Table 3. Density Comparisons of Towns and Cities in and near Boulder County

City Area (sq. mi.) Current Pop. Density (persons per sq. mi.) Projected Population (year) Projected Density (persons per sq. mi.)
Boulder (Area I) 25.48 103,600 4,066 119,400 (2035) 4,686
Denver 154.9 610,345 3,940 N/A N/A
Erie 48 18,150 378 25,650 (2015) 534
Lafayette 8.9 26,448 2,972 28,385 (2013) 3,189
Longmont 25.65 86,303 3,365 N/A N/A
Louisville 7.9 19,004 2,406 N/A N/A
Lyons 1.2 1,915 1,596 N/A N/A
Nederland 1.6 1,500 938 N/A N/A
Superior 4.25 12,500 2,941 17,000 (~2020) 4,000
Sources: Boulder Valley Comprehensive Plan 2010 Trends Report, DRCOG, City of Boulder 2008 and 2009 Community Data Reports,

Boulder’s current population of 103,600 includes 29,000 University of Colorado students.  According to the University’s Flagship 2030, the student population could grow by another 8,140 students.

It is also interesting to compare the City of Boulder with other communities across the United States of similar size, student population and political/environmental orientation.  Cities such as Palo Alto, Fort Collins, Madison, Missoula, Boise, and Eugene all have much lower densities than Boulder does.  Ann Arbor’s density is approximately the same as Boulder’s.  The density figures listed below are night time figures, meaning the density that one would see at the end of normal commute hours.  The City of Boulder’s daytime density is higher during the day because the City experiences a net influx of about 40,000 people each day.  Boulder’s daytime density could be as high as 6,000 persons per square mile.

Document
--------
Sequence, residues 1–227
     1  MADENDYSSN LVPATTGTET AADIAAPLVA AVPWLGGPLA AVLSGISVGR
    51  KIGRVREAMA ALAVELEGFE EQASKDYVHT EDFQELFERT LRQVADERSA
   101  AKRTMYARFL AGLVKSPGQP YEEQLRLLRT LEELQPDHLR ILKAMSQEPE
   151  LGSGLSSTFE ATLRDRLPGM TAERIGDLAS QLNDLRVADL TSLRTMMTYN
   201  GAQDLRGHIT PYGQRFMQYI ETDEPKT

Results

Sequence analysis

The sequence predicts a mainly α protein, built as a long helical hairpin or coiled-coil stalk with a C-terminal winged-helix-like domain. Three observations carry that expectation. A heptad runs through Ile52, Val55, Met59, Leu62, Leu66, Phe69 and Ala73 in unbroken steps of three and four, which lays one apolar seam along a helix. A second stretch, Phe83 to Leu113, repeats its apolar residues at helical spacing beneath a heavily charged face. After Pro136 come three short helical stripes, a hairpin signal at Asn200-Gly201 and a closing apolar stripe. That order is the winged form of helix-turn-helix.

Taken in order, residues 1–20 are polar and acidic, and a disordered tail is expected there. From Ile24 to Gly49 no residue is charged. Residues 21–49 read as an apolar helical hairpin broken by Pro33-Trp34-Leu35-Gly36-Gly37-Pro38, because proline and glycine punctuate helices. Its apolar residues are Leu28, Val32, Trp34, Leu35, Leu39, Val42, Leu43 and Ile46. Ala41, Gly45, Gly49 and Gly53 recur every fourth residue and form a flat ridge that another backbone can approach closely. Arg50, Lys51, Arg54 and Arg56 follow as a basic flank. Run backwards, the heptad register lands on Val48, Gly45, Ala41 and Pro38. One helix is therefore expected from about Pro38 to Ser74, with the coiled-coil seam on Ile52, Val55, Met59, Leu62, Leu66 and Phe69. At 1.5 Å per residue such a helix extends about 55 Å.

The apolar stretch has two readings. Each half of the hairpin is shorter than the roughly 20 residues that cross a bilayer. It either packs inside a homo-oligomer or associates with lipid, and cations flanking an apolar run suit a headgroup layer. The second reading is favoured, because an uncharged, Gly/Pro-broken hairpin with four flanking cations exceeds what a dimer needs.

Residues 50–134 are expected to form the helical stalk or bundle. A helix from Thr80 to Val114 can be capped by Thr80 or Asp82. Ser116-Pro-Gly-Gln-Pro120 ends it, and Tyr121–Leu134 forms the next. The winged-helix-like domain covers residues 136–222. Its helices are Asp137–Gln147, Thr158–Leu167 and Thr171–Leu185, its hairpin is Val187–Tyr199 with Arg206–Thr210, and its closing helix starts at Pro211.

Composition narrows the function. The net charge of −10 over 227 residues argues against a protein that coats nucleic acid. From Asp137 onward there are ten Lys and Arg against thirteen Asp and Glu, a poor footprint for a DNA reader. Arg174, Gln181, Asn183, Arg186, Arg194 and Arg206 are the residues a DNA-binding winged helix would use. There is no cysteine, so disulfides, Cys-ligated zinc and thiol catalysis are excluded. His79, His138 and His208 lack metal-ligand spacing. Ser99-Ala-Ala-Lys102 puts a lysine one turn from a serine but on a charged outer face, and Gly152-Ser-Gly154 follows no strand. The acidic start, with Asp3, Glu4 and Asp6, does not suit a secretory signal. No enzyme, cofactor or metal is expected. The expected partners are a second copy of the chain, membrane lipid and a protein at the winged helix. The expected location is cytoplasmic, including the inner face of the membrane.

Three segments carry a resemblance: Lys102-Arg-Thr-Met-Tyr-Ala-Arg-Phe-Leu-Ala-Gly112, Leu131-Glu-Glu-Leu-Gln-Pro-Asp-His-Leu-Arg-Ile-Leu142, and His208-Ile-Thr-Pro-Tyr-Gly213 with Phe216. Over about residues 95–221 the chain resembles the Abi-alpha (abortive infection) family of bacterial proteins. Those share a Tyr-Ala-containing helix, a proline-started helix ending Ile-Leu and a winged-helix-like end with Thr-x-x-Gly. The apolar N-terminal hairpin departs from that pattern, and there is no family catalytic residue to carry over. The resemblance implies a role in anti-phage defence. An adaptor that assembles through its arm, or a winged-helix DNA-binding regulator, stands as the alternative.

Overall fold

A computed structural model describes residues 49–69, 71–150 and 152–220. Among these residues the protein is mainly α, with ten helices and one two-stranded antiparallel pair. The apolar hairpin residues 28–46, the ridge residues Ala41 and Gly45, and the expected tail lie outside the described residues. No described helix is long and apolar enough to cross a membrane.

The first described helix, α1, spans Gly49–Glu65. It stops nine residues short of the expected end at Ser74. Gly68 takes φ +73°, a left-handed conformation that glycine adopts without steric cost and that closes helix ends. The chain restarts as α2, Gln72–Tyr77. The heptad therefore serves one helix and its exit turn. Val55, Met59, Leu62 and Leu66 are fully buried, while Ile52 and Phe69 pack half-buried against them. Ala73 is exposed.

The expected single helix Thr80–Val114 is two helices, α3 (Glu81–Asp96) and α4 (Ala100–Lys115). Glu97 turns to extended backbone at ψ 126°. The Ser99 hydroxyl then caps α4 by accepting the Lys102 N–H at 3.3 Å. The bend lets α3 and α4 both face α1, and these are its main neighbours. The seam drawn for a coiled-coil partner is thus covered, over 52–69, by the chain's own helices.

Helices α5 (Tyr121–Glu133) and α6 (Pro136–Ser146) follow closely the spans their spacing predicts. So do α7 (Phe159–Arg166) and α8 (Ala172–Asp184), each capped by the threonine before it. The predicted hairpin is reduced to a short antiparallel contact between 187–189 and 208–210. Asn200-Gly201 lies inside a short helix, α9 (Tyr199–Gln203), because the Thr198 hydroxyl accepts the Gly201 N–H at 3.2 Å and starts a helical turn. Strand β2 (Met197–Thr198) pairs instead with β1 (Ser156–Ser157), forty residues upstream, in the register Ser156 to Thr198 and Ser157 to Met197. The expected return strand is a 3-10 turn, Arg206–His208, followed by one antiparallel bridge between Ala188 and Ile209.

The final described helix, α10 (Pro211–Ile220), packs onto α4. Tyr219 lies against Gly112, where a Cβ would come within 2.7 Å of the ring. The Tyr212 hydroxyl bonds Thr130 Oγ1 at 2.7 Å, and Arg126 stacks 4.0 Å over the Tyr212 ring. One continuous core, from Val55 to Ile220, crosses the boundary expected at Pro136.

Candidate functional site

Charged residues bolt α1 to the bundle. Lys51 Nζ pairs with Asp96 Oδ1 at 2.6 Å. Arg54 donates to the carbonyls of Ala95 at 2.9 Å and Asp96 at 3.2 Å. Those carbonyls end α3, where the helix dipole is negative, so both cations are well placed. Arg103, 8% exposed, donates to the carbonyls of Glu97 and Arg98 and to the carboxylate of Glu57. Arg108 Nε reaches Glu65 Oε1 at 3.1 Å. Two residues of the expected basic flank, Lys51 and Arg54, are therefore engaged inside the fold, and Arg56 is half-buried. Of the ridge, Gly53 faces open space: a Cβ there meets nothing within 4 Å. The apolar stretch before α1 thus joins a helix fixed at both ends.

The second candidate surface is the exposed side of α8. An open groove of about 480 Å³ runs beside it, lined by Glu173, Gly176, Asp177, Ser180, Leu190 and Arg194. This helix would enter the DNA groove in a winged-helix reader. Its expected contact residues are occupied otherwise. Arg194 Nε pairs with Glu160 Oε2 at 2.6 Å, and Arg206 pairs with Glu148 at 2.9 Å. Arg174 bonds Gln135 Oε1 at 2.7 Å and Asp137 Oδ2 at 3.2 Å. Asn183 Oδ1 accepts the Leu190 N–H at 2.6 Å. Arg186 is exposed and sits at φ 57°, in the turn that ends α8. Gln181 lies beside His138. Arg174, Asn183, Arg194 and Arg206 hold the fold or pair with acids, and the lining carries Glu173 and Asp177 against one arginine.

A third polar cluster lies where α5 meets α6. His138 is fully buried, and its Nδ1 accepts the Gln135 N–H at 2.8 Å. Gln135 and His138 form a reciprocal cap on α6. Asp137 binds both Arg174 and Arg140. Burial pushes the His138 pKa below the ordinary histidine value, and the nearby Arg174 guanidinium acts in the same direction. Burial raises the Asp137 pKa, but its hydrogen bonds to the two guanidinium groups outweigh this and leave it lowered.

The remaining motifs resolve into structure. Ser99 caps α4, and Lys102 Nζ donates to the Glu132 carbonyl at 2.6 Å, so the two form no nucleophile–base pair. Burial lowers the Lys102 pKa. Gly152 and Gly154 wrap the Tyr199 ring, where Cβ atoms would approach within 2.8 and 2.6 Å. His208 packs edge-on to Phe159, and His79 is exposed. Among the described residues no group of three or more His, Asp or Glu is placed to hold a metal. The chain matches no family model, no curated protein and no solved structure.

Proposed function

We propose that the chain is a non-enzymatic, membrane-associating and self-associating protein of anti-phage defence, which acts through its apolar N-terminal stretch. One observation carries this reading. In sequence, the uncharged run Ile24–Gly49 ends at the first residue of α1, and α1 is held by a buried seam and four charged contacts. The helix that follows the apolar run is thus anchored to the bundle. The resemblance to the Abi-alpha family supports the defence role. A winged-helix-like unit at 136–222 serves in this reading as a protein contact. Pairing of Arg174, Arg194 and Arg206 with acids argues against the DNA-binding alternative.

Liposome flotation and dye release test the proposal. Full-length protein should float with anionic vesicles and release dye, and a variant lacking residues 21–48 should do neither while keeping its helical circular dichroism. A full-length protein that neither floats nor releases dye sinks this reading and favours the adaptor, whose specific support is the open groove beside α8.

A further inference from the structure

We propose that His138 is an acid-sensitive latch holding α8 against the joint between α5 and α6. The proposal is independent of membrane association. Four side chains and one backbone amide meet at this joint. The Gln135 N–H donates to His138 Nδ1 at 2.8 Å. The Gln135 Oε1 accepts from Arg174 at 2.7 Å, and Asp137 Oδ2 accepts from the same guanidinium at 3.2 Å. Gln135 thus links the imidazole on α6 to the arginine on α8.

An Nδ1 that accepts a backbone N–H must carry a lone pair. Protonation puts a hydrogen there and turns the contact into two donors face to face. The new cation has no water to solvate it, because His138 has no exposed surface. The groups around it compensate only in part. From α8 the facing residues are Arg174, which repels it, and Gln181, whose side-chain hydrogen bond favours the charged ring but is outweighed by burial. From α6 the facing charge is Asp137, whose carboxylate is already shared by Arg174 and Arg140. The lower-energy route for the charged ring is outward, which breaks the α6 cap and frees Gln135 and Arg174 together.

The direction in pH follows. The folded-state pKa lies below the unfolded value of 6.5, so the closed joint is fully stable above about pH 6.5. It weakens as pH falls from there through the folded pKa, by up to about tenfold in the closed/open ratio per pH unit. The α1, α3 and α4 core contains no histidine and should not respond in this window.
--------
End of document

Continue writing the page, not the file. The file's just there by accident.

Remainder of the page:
Table 4.  Density Comparison between the City of Boulder and Other Similar Communities

City Area (sq. miles) Current Population Density (persons per sq. mile)
Palo Alto, CA 25.98 60,171 2,316
Fort Collins 53.38 138,736 2,599
Madison, WI 84.7 235,626 2,781
Missoula, MT 23.9 68,202 2,854
Boise, ID 64 205,314 3,179
Eugene, OR 40.54 153,231 3,779
Boulder 25.48 103,600† 4,066
Ann Arbor, MI 27.7 112,852 4,074
†2010 population estimate, all others are 2009 population estimates
Stay tuned for Part 2.  Regional Transportation
Rate this article: 1 Star2 Stars3 Stars4 Stars5 Stars (No Ratings Yet)

What do you think? Leave a comment!

You must be logged in to post a comment.